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Steinberg: I'm back to change the world

October 12, 2013|By Leigh Steinberg

I have been writing for my hometown paper, The Daily Pilot, for several years now, commenting on a variety of news and issues surrounding the world of sports. This week, the news spread about my own plans, and I wanted to share the rationale and motivation with our readers.

In March of 2010 I entered Sober Living to deal with my growing problem with alcohol. I realized that until I put sobriety first, nothing else would be possible. I have had to work through the self-induced wreckage and relationships.

I am now deep into a fourth year of sobriety with the help of a unique fellowship and an extraordinary support system. Anyone who is feeling alone and despairing trying to get sober should know there is help available. For me, it has been a long and enlightening road back. The hiatus was a valuable and necessary learning experience. I was able to find clarity and a powerful sense of purpose for my life.

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Last week we announced the launching of a new business: Steinberg Sports & Entertainment, to do representation, marketing and content supply.

The question you may be asking is why, with renewed energy and motivation, would I choose to reenter the often cutthroat world of sports?

The answer is simple. Sports, as much as any other aspect of our global culture, has the power to change the world.

My father stressed two core values: 1. Treasure relationships, especially family.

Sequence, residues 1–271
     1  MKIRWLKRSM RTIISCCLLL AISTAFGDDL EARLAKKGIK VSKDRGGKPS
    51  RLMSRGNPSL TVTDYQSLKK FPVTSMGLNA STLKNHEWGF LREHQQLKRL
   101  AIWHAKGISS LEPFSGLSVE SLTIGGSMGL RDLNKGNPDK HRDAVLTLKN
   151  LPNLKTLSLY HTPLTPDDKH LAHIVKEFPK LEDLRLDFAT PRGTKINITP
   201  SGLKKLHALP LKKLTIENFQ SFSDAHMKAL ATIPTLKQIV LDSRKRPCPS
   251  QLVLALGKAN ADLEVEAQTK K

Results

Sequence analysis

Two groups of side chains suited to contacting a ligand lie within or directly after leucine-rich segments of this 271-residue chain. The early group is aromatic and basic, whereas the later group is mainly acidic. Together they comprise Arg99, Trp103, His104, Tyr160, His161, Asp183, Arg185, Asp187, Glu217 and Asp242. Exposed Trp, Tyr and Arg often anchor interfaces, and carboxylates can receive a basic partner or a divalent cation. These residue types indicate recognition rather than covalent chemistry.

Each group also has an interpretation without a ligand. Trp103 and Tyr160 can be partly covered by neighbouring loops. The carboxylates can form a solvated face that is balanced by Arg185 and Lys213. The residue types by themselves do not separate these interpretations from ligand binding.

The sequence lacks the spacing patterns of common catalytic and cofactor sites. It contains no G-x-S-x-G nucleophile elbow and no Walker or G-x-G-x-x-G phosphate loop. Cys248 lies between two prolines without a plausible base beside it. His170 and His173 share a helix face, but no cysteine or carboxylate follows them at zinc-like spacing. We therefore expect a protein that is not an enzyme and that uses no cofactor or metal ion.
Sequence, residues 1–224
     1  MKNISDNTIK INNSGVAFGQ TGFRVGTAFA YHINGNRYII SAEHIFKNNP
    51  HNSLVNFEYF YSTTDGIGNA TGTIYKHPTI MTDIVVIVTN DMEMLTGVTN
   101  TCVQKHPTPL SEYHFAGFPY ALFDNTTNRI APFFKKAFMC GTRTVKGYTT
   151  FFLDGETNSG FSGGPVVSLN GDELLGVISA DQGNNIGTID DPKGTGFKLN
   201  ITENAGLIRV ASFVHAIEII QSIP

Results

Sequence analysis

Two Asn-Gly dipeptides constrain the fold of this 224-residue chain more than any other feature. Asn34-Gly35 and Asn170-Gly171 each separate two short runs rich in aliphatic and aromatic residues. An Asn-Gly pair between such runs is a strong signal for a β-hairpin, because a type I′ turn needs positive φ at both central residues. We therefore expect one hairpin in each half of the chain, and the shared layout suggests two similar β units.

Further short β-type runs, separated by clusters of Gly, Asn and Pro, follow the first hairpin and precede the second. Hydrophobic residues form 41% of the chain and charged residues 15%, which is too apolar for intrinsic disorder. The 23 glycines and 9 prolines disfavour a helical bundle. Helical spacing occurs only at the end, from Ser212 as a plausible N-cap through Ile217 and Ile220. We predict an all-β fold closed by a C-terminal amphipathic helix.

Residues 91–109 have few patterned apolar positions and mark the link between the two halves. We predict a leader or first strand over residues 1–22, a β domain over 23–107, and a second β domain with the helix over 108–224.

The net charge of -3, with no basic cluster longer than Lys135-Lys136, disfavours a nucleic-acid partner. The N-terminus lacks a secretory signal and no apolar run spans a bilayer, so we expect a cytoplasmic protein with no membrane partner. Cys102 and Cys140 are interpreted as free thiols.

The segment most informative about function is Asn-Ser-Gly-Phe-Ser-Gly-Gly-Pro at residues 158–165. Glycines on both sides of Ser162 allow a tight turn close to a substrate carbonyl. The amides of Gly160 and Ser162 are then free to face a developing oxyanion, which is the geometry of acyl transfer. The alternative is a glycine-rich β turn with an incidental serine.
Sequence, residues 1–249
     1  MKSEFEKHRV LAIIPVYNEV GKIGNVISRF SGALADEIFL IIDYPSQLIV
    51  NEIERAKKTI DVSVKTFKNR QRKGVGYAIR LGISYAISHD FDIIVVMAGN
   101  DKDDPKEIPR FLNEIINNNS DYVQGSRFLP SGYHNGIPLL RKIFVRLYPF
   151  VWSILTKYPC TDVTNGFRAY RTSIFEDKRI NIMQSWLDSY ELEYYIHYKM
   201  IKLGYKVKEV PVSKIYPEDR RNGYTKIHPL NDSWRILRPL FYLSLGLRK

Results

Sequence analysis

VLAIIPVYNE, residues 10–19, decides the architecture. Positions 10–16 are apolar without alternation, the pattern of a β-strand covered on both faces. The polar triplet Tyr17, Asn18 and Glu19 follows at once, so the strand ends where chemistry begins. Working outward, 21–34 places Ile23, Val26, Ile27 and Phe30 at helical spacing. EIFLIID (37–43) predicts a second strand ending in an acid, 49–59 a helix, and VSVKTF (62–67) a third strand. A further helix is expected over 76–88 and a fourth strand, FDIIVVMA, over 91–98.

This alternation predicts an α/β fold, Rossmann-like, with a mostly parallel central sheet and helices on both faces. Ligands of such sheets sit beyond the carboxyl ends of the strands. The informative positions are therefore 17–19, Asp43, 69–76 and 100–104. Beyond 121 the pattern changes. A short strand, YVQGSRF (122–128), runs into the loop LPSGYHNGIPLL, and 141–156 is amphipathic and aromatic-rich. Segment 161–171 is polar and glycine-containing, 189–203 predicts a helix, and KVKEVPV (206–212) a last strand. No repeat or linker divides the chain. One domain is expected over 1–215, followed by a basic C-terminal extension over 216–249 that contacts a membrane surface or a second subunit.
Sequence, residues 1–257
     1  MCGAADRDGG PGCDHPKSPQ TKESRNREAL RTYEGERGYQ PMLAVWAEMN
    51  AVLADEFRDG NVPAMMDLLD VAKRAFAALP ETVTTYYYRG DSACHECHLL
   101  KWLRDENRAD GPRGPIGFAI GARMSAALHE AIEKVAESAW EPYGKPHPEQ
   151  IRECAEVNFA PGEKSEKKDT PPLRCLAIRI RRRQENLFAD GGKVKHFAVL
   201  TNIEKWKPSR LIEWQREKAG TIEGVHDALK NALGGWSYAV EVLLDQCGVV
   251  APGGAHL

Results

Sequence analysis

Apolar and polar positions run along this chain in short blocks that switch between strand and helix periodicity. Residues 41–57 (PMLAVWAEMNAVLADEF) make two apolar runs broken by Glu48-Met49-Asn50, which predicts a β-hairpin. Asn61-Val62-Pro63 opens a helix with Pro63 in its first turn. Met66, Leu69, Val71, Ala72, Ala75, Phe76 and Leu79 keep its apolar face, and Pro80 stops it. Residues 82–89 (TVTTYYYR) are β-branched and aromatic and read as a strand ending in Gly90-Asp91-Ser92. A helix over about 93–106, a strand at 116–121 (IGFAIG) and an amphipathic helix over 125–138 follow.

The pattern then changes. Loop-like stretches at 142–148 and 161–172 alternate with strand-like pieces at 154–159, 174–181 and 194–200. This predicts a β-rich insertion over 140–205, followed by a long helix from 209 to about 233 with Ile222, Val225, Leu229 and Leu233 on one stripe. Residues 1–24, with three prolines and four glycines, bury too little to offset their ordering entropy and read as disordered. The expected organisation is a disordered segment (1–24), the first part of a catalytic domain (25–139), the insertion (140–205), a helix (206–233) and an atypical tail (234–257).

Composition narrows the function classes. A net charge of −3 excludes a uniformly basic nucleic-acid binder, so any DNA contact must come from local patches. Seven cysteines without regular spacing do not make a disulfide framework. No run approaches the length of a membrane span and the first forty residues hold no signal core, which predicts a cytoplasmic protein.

2. Make a positive impact in the world and help those who are in need and can't help themselves.

The world of sports is central to our humanity and offers unlimited opportunities to make a difference. Helping young people gain their own sense of purpose and motivation will enable them to prioritize values and develop a blueprint for a productive life. Values like self-respect, spiritual belief, a veneration of family and active participation in their community will serve them well for a lifetime and bring rewards beyond money.

First and foremost, professional athletes need to be successfully guided in their path to the draft in their respective sports.

Physical and mental preparation can significantly affect not only their draft position but their ability to deliver the goods in competition. Once drafted, they need expert contract negotiation while they do everything possible to prepare to compete, starting with being on time for training camp.

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